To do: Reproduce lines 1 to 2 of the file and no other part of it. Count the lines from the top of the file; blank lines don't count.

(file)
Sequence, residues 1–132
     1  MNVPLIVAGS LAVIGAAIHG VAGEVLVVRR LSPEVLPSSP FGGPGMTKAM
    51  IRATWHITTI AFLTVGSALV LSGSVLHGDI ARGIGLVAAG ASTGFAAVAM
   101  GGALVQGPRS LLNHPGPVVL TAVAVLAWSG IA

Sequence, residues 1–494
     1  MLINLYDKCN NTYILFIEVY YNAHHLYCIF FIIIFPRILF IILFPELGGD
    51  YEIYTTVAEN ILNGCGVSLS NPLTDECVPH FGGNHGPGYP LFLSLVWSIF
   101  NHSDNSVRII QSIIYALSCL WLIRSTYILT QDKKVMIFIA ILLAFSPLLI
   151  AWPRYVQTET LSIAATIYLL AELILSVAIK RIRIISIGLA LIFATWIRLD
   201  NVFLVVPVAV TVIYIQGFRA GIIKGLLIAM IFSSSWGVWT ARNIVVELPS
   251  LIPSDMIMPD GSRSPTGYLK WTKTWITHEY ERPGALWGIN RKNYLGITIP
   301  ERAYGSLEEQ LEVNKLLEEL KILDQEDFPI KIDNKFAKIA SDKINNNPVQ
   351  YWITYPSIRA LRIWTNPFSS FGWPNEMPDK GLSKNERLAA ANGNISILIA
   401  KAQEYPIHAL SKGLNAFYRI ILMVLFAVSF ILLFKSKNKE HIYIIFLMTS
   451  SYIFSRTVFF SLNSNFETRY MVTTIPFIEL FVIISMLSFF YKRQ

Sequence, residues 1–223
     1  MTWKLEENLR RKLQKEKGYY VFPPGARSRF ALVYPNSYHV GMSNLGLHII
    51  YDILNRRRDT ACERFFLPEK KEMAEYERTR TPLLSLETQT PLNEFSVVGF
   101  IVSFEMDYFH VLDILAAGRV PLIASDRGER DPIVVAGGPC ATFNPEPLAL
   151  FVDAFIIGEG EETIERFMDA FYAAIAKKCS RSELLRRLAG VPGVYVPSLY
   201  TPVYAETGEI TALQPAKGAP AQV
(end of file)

Sequence, residues 1–132
     1  MNVPLIVAGS LAVIGAAIHG VAGEVLVVRR LSPEVLPSSP FGGPGMTKAM